Christopher Swales, from our Sheffield Office, was invited to Shrewsbury on Saturday 20 September 2014 to present the results of the Wessex Archaeology excavations on the Shelton Resilience Scheme to the Shropshire Archaeological and Historical Society. The talks were part of a one day event to review recent fieldwork and research that added to the understanding of Shropshire in the Roman period and were attended by more than 100 people from the local area.
The Shelton Resilience Scheme comprised a 4 km water mains pipeline just to the north of Roman Wroxeter, starting at Uckington and heading west to Atcham. The new pipeline was thought to be in the vicinity of several 1st century Roman marching camps that were associated with the foundation of the Roman Wroxeter. Roman burial grounds and pottery production sites were also thought to be located along the pipeline route.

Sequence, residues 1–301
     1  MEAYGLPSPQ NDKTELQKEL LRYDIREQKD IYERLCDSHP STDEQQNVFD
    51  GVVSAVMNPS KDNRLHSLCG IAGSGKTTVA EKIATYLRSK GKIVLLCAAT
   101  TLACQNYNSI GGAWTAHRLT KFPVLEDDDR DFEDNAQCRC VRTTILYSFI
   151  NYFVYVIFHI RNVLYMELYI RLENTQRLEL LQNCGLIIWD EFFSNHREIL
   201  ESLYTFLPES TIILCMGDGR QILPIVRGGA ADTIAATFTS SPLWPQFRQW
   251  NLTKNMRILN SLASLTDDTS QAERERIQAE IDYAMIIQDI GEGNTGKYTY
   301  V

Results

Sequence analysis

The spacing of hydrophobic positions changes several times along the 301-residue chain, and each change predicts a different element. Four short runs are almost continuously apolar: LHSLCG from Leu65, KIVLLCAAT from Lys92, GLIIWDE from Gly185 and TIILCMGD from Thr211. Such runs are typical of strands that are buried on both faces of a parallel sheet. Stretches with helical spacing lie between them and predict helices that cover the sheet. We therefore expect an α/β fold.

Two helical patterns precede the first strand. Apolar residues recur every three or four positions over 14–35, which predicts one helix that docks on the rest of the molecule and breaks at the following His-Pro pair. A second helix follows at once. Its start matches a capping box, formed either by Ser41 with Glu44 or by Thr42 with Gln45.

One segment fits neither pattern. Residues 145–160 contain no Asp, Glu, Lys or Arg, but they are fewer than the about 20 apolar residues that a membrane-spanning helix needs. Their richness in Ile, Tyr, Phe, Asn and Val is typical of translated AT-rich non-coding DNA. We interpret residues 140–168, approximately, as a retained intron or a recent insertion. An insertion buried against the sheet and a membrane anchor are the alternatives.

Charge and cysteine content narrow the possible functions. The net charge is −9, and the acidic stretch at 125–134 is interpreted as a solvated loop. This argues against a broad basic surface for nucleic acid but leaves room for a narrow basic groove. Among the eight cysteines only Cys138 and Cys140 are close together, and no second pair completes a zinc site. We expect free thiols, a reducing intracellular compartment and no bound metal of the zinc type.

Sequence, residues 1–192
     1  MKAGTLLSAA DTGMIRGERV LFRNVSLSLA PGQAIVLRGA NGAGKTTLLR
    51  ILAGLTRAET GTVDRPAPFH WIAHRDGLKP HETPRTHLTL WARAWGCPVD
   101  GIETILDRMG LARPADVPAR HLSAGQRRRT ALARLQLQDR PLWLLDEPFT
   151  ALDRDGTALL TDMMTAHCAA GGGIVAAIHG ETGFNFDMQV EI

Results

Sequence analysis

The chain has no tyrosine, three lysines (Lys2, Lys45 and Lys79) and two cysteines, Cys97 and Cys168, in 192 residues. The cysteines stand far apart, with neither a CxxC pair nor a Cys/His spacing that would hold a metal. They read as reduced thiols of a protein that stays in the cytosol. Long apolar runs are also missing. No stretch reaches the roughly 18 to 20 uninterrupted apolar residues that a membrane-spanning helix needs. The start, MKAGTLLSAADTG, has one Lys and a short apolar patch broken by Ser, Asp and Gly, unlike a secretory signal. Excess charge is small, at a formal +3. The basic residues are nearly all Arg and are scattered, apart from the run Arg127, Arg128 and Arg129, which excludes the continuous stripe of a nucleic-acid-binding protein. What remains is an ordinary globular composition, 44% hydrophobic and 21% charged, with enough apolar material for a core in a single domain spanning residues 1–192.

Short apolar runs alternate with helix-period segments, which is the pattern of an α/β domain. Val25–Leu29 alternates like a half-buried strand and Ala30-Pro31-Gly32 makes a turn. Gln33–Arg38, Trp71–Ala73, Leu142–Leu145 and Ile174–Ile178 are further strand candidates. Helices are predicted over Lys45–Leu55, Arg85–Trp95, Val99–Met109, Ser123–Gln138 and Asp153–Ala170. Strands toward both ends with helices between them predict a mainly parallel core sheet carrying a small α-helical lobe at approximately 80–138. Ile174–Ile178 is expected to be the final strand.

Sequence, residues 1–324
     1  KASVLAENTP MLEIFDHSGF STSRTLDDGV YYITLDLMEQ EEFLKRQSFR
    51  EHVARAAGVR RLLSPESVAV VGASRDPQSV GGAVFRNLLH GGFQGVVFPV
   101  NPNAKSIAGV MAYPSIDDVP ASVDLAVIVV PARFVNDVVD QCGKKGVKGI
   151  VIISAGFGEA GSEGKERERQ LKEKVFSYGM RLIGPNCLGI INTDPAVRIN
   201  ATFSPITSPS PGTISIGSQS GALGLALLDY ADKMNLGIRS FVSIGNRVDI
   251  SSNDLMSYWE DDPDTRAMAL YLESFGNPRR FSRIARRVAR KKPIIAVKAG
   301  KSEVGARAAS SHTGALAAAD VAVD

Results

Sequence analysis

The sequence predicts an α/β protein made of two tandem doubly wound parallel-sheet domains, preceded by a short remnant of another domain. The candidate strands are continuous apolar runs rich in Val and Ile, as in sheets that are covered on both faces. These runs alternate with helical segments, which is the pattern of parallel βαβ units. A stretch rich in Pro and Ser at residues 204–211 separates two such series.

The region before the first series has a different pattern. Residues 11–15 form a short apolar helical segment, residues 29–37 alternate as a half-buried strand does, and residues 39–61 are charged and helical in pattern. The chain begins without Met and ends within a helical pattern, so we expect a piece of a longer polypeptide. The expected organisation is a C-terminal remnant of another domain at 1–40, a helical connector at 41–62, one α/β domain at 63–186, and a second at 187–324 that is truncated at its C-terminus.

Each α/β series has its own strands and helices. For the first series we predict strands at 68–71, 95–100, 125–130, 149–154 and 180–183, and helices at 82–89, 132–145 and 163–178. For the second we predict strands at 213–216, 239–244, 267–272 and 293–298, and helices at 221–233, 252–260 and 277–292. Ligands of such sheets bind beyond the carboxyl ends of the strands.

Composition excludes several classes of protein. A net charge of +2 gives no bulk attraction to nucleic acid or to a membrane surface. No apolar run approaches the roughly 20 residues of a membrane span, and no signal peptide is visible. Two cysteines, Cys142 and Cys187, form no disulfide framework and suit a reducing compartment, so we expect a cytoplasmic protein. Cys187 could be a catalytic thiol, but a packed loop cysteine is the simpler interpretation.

Over the course of a six week excavation Wessex Archaeology stripped a 10 m wide corridor along the entire length of the pipeline route. Whilst nothing was found that could be conclusively linked to the early marching camps, evidence was found for a possible late Iron Age to Romano-British shrine to the west of Uckington. A cluster of cremation burials was also found in this area immediately to the west of the conjectured line of the north-south Roman road leading to Wroxeter. A possible pottery production site was also identified to the west of the Rivers Severn and Tern.
By Chris Swales